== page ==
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Powdered Ghost Chili
Known for a ghostly bite, this mean mofo was the hottest pepper until 2007. Add sparingly to recipes for a hint of eye watering, gut wrenching, hellish burn. (more info)
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Also called the "Bhut Jolokia" or Naga King chili, the ghost pepper is known for its extreme, wildly spicy flavor. No really, this is a new level of burn. It’s used to heat up chili, curry, cupcakes, and, we're not making this up, grenades.
Oddly enough, this stuff also imparts a perfume-like sweetness. Yin, yang.
Capsaicin is the chemical that gives ghost chilies their unforgettable heat. When capsaicin molecules make contact with the nerves in your mouth, the same signals that are firing when you burn your tongue are also shooting straight to your brain, simulating the sensation of having your mouth on fire. Your brain responds by making you sweat, salivate, cry, call for mama, and then releases a dose of endorphins, providing you a sweaty, tear-filled buzz. Sort of like you almost died but didn't.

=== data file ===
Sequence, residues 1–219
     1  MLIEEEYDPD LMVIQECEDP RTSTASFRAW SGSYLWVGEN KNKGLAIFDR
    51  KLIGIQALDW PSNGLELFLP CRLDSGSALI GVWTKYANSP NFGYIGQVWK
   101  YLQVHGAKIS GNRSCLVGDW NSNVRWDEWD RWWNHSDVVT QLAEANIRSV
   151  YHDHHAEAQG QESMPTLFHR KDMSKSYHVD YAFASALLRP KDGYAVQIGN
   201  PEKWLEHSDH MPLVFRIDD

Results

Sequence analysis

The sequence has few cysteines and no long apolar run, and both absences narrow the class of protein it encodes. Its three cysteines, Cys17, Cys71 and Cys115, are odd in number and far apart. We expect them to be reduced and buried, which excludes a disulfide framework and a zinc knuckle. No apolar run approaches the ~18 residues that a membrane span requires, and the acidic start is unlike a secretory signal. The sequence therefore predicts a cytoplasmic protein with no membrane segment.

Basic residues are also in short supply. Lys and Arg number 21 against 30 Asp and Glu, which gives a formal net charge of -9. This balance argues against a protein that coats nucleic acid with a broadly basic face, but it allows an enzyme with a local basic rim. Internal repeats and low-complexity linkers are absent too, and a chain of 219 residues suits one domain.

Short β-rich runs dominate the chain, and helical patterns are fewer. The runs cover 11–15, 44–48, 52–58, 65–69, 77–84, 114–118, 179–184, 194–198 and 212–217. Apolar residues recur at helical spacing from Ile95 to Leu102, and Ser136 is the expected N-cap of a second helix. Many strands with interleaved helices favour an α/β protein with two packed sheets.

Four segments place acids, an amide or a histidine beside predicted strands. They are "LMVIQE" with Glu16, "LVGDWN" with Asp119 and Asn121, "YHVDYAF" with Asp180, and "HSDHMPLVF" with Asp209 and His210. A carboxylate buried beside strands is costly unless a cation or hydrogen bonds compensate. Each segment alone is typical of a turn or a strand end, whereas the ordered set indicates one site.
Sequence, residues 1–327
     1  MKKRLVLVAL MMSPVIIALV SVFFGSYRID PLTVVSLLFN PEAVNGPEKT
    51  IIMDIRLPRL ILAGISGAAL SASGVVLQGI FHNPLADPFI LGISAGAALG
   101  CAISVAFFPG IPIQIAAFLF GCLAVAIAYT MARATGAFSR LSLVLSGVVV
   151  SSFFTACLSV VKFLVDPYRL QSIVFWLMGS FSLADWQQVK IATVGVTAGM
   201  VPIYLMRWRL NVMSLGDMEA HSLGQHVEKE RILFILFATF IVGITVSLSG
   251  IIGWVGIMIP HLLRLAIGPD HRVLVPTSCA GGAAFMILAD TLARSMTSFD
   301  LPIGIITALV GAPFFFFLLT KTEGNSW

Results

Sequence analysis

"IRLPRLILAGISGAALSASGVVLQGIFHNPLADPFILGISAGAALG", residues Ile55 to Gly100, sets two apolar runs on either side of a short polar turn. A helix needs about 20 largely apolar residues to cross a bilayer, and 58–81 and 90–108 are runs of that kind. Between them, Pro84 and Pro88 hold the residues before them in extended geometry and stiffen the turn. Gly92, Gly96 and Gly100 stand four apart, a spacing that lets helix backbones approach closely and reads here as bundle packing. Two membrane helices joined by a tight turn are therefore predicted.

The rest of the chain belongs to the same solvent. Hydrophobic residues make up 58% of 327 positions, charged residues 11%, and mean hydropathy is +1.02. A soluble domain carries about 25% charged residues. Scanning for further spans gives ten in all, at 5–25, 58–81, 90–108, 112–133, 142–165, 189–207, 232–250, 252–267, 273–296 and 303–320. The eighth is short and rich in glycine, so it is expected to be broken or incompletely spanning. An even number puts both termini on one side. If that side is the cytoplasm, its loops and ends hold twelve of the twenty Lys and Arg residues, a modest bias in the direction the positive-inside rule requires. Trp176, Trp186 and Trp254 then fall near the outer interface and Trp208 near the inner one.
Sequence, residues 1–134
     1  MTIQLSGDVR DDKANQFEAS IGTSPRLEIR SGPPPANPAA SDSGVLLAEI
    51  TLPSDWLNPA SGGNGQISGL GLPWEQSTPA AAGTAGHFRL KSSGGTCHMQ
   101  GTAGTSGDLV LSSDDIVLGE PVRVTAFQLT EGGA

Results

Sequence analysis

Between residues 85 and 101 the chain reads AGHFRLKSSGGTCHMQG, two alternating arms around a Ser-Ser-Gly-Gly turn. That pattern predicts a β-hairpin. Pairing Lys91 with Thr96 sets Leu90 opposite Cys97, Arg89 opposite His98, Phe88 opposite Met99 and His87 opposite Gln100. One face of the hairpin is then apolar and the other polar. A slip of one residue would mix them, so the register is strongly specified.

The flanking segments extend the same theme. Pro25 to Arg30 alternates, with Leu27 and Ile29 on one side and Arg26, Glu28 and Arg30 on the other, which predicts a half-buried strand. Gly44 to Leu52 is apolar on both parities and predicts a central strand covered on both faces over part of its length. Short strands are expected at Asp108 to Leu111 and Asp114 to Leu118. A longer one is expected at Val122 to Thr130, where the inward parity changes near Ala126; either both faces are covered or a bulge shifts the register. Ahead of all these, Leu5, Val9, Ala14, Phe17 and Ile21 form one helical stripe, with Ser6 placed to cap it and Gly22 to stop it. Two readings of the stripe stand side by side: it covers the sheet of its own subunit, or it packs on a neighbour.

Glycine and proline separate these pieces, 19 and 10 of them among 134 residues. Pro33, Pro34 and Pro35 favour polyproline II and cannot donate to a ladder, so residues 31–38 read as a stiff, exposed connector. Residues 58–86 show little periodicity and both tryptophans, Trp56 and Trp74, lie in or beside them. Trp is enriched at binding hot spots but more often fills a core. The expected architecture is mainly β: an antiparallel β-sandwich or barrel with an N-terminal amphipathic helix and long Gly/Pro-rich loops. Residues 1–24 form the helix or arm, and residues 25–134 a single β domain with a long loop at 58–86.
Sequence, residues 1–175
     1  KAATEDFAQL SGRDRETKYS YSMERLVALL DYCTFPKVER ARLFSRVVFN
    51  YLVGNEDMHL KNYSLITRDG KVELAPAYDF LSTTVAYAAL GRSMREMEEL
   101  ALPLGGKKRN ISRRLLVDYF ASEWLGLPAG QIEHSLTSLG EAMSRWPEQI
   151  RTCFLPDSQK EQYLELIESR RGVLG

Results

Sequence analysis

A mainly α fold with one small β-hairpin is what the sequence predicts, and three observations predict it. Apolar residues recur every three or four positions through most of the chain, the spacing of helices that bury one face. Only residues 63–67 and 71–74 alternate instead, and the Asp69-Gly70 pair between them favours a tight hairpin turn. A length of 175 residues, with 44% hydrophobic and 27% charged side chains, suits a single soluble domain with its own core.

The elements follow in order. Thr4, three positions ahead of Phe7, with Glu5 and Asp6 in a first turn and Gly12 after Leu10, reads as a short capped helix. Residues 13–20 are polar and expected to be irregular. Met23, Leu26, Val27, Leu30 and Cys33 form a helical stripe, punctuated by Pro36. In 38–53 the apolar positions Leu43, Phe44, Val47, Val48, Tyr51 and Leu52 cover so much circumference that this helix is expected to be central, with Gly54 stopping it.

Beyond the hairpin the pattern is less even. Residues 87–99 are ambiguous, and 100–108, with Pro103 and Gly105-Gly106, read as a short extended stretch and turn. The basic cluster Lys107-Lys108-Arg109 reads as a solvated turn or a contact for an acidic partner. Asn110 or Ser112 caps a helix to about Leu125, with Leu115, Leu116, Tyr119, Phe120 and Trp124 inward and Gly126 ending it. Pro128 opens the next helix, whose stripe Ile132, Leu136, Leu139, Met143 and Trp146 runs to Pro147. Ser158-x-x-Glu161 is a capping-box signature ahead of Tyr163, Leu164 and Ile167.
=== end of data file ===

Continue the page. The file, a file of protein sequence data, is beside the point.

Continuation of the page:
Certified Kosher by Rabbi Ben-Tzion Welton, Va'ad Hakashrus of Northern California
Two hundred times hotter than a jalapeno, this is no spice to accidentally get in your eyes. Use sparingly. And carefully.
Remember, they use this stuff in grenades.
The Indian Army is developing tear gas-like canisters using the ghost chili to smoke bad guys out of foxholes. They also use it to ward away errant elephants.
Keep in an air-tight container away from high temperatures and moisture to preserve flavor.
The peppers are picked and dried in India, crushed in California, and eaten by you (with hazmat gear).